13. Developed AFIB at 28. With a long family history of it, there wasn’t much suprise when it happened to me. My Cardiologist told me Caffeine didn’t cause my AFIB. He said I can still take in caffeine, just don’t go crazy with it. Caffeine has never caused my heart to go into AFIB. Can say before I got AFIB I had a VERY HIGH caffeine tolerance. Have never really felt any affects of caffeine, regardless of the quantity comsumed. Could drink a mountain dew right before bed and would sleep like a baby. Since my development of AFIB I am extremely caffeine sensitive. One cup of coffee and I get jittery and can literally feel my heart rate increase. Don’t know if there is a correlation between the two or if it’s just a coincidence. Either way since onset of AFIB I now have to monitor my caffeine intake.

  14. Ya, I agree, it’s time to quit the caffeine for good. I’ve been doing a great job of it but am so tired after work that I even fell asleep yesterday. Today I allowed myself a diet coke at lunch and then read this… I better not do that anymore.. I did it cuz the Sotalol has my heart rate at 44! that is so slowwww which is why I think I’m tired.

    • Gayle Patrice says:

      I had an episode that really bothered me during a short jog this
      A.M/ I had two cups of strong coffee AND am under alot of stress. Im also experiencing insomnia which seems to increase these episodes. I am also taking neurontin and tenex for anxiety. i wonder if these are contributing/

  15. I had one episode of atrial fibrillation in September of 2012 and have not had another. I take beta blockers and a baby aspirin every day. I am convinced that my 15-cup-a-day coffee habit played a part in the episode, plus the fact that I had been on the phone with someone I couldn’t understand telling me how to fix my computer, plus I was taking Tramadol for a pulled tendon, and on and on. I had the episode around 9 p.m. went to the ER and heart finally converted on its on the next afternoon. I thought I was in the twilight zone when they started talking about shocking my heart, but I’ve learned it’s common.
    I have a glass of wine occasionally, drink two cups of regular coffee in the morning and one cup sometime in the afternoon. I’m sure it will come back someday, but I think my episode was caused by the perfect storm of triggers, stress being the most important. I am obese. Humana won’t pay for an overnight sleep study for sleep apnea but I’ve been told by Ochsner that they’re developing one to do at home and I’m taking a chance and waiting for it. I refuse to spend $4,000 for an overnight one. After reading all the comments here, I realize how truly fortunate I am.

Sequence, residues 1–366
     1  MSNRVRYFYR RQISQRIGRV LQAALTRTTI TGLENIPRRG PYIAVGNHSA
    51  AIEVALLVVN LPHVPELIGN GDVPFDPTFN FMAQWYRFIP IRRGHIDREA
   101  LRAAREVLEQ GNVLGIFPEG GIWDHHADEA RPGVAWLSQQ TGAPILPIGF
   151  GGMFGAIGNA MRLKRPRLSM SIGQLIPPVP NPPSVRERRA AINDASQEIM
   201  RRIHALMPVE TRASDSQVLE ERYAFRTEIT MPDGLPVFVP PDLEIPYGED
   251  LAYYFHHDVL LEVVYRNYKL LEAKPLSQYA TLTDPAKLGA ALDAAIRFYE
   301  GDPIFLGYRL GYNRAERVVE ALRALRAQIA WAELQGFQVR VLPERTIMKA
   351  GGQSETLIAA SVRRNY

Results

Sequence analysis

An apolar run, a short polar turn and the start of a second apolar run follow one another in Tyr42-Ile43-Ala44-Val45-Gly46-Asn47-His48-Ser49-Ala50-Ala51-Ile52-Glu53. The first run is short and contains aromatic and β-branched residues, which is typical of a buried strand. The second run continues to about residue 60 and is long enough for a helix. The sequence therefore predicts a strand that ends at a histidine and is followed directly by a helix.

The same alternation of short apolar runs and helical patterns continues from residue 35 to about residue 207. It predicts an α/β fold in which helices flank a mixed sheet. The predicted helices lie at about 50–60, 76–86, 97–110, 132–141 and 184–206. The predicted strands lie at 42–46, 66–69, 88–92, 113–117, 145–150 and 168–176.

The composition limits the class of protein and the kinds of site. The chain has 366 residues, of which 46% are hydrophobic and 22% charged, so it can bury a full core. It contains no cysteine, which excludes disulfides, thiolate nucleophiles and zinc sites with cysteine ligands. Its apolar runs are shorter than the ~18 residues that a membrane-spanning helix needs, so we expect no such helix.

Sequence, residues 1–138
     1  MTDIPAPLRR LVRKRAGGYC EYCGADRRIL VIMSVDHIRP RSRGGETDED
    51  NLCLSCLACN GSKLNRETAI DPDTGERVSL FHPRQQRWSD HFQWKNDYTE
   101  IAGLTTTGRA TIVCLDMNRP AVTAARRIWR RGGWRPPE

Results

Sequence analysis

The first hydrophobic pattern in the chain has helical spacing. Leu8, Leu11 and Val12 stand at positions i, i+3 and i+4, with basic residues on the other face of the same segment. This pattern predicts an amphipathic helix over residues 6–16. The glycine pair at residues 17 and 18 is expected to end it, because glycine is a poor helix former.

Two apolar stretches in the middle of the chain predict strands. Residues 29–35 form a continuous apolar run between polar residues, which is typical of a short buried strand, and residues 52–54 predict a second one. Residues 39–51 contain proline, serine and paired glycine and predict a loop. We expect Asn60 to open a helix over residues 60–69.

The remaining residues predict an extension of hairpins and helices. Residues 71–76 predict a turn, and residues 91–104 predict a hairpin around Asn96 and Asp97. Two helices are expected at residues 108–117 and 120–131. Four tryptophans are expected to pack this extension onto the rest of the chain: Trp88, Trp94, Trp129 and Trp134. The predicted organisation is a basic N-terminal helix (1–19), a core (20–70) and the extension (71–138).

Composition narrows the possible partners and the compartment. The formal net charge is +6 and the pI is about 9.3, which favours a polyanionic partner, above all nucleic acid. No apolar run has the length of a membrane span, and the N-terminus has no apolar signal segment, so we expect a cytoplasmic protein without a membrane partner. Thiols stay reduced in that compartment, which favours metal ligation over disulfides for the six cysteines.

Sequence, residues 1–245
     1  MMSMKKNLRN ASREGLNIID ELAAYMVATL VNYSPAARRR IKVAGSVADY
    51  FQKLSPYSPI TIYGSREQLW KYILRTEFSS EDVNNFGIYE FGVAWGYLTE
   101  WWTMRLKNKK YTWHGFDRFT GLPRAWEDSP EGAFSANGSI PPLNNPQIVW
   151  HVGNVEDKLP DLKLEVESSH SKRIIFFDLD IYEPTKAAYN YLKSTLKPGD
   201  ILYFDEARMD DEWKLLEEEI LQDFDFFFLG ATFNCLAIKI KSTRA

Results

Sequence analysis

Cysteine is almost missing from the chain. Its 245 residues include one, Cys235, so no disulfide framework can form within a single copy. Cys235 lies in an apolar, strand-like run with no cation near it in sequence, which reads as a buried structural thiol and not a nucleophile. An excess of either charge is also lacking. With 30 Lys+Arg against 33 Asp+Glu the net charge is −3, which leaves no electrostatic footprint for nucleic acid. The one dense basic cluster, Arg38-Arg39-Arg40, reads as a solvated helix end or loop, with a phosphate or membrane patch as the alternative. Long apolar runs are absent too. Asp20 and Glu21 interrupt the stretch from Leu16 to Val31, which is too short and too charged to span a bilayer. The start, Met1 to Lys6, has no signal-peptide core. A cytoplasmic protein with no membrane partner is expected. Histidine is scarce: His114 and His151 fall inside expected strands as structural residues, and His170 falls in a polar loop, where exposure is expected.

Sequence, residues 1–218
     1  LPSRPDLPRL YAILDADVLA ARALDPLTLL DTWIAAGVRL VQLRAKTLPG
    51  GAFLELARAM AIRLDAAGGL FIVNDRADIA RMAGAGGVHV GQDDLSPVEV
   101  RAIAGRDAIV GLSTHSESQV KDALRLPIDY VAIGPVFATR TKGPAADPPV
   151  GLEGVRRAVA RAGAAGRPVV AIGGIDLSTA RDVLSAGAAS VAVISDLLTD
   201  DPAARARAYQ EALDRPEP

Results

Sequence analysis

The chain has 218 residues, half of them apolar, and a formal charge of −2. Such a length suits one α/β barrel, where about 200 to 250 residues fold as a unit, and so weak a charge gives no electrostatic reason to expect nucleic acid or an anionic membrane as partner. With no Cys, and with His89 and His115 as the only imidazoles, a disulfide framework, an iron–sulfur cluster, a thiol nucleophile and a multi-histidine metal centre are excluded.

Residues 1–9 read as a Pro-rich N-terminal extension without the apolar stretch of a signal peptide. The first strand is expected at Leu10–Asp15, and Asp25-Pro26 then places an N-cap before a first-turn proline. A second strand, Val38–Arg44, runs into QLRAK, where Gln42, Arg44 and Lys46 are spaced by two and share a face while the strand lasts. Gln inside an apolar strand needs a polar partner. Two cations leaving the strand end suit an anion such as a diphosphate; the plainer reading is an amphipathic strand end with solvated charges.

I refuse to give up coffee. I have given up 12 cups a day, so that’s enough. I think it’s all about moderation and I’m beginning to practice that with eating also and have lost some weight. I think it’s true that we are all different and different things affect us differently. I truly believe stress was the main trigger for me.

    • please check yourself for sleep apnea cause it can cause you a heart attack and physical stress while asleep. It can be done by someone observing u having just an hour or so nap. Maybe your mother/sister/brother/gf.. if your breathing stops u got it and need a cpap machine. Are u tired during the day?

  16. Ann Stewart says:

    take any kind of stimulant Why would anyone knowingly take a stimulant like caffeinated coffee (or Coke, Pepsi, etc) after being diagnosed with AF when what you are effectively doing is setting yourself up for an increased heart rate? When I was diagnosed seven years ago, the ER doctors warned me then that my caffeine drinking days were over and I took that advice very seriously. (Meds include Metoprolol, Plavix, Aspirin and Digoxin). AF episodes are no fun and if you want to save yourself much pain, stress and aggravation, skip the caffeine. There are excellent decaf coffee brands on the market today that are difficult to tell from regular coffee so do yourself and your heart a favour and switch. Strangely enough, I can drink 2-3 cups of regular black tea daily with no problem.

    • Thanks for the kick in the head! Your response is just what I needed to talk myself out of having even a little coffee. After this last cardioversion (1 of 5 in the last 20 years) I think I need to try something different. It’s funny how all the doctors I see say a little coffee probably won’t hurt which is just what my coffee addicted self wants to hear. But maybe it will hurt though, and why would I not eliminate it, specially since I have always thought it might be a trigger. THANK YOU!